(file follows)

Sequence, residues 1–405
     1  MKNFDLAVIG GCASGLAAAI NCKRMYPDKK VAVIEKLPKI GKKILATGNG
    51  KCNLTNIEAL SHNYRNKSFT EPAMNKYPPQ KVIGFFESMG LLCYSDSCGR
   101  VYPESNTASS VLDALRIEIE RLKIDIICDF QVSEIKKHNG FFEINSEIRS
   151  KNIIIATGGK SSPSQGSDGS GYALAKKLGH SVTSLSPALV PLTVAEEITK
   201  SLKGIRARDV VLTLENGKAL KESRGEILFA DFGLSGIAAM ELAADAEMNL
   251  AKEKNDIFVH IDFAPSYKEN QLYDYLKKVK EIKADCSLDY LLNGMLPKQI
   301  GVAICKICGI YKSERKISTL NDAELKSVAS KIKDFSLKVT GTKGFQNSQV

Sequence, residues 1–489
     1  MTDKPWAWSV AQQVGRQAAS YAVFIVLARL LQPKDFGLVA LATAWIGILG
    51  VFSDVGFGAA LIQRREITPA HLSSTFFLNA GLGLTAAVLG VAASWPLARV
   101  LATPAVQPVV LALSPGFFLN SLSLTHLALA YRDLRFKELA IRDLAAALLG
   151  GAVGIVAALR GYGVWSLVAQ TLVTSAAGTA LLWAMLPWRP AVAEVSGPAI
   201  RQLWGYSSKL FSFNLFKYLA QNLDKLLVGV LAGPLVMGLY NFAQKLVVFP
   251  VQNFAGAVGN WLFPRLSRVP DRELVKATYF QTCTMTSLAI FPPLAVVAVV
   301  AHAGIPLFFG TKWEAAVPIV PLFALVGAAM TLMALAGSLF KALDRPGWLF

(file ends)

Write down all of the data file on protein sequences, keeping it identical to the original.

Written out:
Sequence, residues 1–405
     1  MKNFDLAVIG GCASGLAAAI NCKRMYPDKK VAVIEKLPKI GKKILATGNG
    51  KCNLTNIEAL SHNYRNKSFT EPAMNKYPPQ KVIGFFESMG LLCYSDSCGR
   101  VYPESNTASS VLDALRIEIE RLKIDIICDF QVSEIKKHNG FFEINSEIRS
   151  KNIIIATGGK SSPSQGSDGS GYALAKKLGH SVTSLSPALV PLTVAEEITK
   201  SLKGIRARDV VLTLENGKAL KESRGEILFA DFGLSGIAAM ELAADAEMNL
   251  AKEKNDIFVH IDFAPSYKEN QLYDYLKKVK EIKADCSLDY LLNGMLPKQI
   301  GVAICKICGI YKSERKISTL NDAELKSVAS KIKDFSLKVT GTKGFQNSQV

Sequence, residues 1–489
     1  MTDKPWAWSV AQQVGRQAAS YAVFIVLARL LQPKDFGLVA LATAWIGILG
    51  VFSDVGFGAA LIQRREITPA HLSSTFFLNA GLGLTAAVLG VAASWPLARV
   101  LATPAVQPVV LALSPGFFLN SLSLTHLALA YRDLRFKELA IRDLAAALLG
   151  GAVGIVAALR GYGVWSLVAQ TLVTSAAGTA LLWAMLPWRP AVAEVSGPAI
   201  RQLWGYSSKL FSFNLFKYLA QNLDKLLVGV LAGPLVMGLY NFAQKLVVFP
   251  VQNFAGAVGN WLFPRLSRVP DRELVKATYF QTCTMTSLAI FPPLAVVAVV
   301  AHAGIPLFFG TKWEAAVPIV PLFALVGAAM TLMALAGSLF KALDRPGWLF